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German submarine U-174
Career
Name: U-174
Ordered: 23 December 1939
Builder: AG Weser, Bremen
Yard number: 1014
Laid down: 2 January 1941
Launched: 21 August 1941
Commissioned: 26 November 1941
Fate: Sunk, 16 November 1942[1]
General characteristics
Type: Type IXC submarine
Displacement: 1,120 t (1,100 long tons) surfaced
1,232 t (1,213 long tons) submerged
Length: 76.8 m (252 ft 0 in) overall
58.7 m (192 ft 7 in) pressure hull
Beam: 6.8 m (22 ft 4 in) overall
4.4 m (14 ft 5 in) pressure hull
Height: 9.4 m (30 ft 10 in)
Draft: 4.7 m (15 ft 5 in)
Propulsion: 2 × MAN M9V40/46 supercharged 9-cylinder diesel engines, 4,000 hp (2,983 kW)
2 × SSW GU345/34 double-acting electric motors, 1,000 hp (746 kW)
Speed: 18.2 knots (33.7 km/h) surfaced
7.3 knots (13.5 km/h) submerged
Range: 24,880 nmi (46,080 km) at 10 knots (19 km/h) surfaced
117 nmi (217 km) at 4 kn (7.4 km/h) submerged
Test depth: 230 m (750 ft)
Complement: 48 to 56
Armament: 6 × torpedo tubes (four bow, two stern)
22 × 55 cm (22 in) torpedoes
1 × 10.5 cm SK C/32 naval gun[2] (110 rounds)
Service record
Part of: 4th U-boat Flotilla
(26 November 1941–31 July 1942)
10th U-boat Flotilla
(1 August–27 April 1943)
Commanders: Fregkpt. Ulrich Thilo
(26 November 1941–8 March 1943)
Oblt. Wolfgang Grandefeld
(9 March–27 April 1943)
Operations: Three
Victories: Five ships sunk, of (30,813 GRT)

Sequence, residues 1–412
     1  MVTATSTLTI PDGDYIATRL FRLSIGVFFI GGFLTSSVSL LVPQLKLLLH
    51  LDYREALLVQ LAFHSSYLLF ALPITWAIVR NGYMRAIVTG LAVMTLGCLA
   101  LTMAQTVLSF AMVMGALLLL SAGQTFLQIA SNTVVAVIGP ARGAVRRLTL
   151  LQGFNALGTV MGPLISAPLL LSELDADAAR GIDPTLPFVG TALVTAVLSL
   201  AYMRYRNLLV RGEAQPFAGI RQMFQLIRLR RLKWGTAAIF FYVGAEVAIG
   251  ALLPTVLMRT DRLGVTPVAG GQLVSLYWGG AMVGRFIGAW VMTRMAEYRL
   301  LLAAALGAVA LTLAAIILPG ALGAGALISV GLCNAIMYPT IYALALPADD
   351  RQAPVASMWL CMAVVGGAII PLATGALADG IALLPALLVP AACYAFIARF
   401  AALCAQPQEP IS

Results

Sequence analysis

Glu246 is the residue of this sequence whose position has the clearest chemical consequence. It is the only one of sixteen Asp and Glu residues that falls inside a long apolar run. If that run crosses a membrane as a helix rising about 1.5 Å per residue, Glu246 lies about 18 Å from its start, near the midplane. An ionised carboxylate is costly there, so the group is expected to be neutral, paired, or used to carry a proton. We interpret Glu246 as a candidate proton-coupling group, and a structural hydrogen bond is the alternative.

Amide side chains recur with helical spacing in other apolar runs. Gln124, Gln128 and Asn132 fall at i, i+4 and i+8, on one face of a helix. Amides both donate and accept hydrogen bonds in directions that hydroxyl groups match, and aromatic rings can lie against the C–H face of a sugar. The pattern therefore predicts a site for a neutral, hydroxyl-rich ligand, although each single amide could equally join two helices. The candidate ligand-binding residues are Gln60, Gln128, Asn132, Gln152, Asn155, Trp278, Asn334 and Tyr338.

German submarine U-174 was a Type IXC U-boat of the Nazi German Kriegsmarine during World War II.

She was laid down at the AG Weser yard in Bremen as 'werk' 1014 on 2 January 1941, launched on 21 August and commissioned on 26 November with Fregattenkapitän Ulrich Thilo in command.

U-174 began her service career with training as part of the 4th U-boat Flotilla. She was re-assigned to the 10th flotilla for operations on 1 August 1942.

She was sunk by an American Lockheed Ventura in April 1943.

Operational career[]

1st patrol[]

The boat departed Kiel on 30 July 1942, moved through the North Sea and negotiated the 'gap' between Iceland and the Faroe Islands. She encountered, in mid-Atlantic Ocean, the corvette HNoMS Potentilla. The Norwegian ship attacked; at one point, she was so close that a depth charge projected towards the U-boat, fell on the far side of the German vessel. The submarine escaped; nevertheless, the damage inflicted was sufficient to cause U-174 to leave a tell-tale trail of oil, thus obliging Thilo to abort the patrol. She entered Lorient, on the French Atlantic coast, on 6 September.

2nd patrol[]

For her second sortie, she sailed to the waters off Brazil. There she sank four ships between 31 October and 2 November 1942. She sank a fifth vessel on 15 December but was twice unsuccessfully attacked by American Catalina aircraft on the same day. She returned to Lorient on 9 January 1943.

3rd patrol and loss[]

U-174 had departed her French base on 18 March 1943, bound for the eastern seaboard of North America. On 27 April, she was attacked and sunk by an American Lockheed Ventura aircraft southwest of Newfoundland. Fifty-three men died; there were no survivors.[3][4]

Summary of raiding history[]

Date Name Nationality Tonnage
(GRT)
Fate[5]
31 October 1942 Marlyn  United Kingdom 4,555 Sunk
1 November 1942 Elmdale  United Kingdom 4,872 Sunk
2 November 1942 Zaandam  Netherlands 10,909 Sunk
2 November 1942 Besholt  Norway 4,977 Sunk
15 December 1942 Alcoa Rambler  USA 5,500 Sunk

References[]

Notes[]

  1. Kemp, Paul: U-Boats Destroyed - German Submarine Losses in the World Wars, 1997, Arms & Armour, ISBN 1-85409-515-3, p. 111
  2. Campbell, John Naval Weapons of World War Two ISBN 0-87021-459-4 pp.248 and 249
  3. Kemp, p. 111.
  4. http://uboat.net/boats/u174/htm
  5. http://uboat.net/boats/successes/u174/html

External links[]


Coordinates: 43°35′N 56°18′W / 43.583°N 56.3°W / 43.583; -56.3

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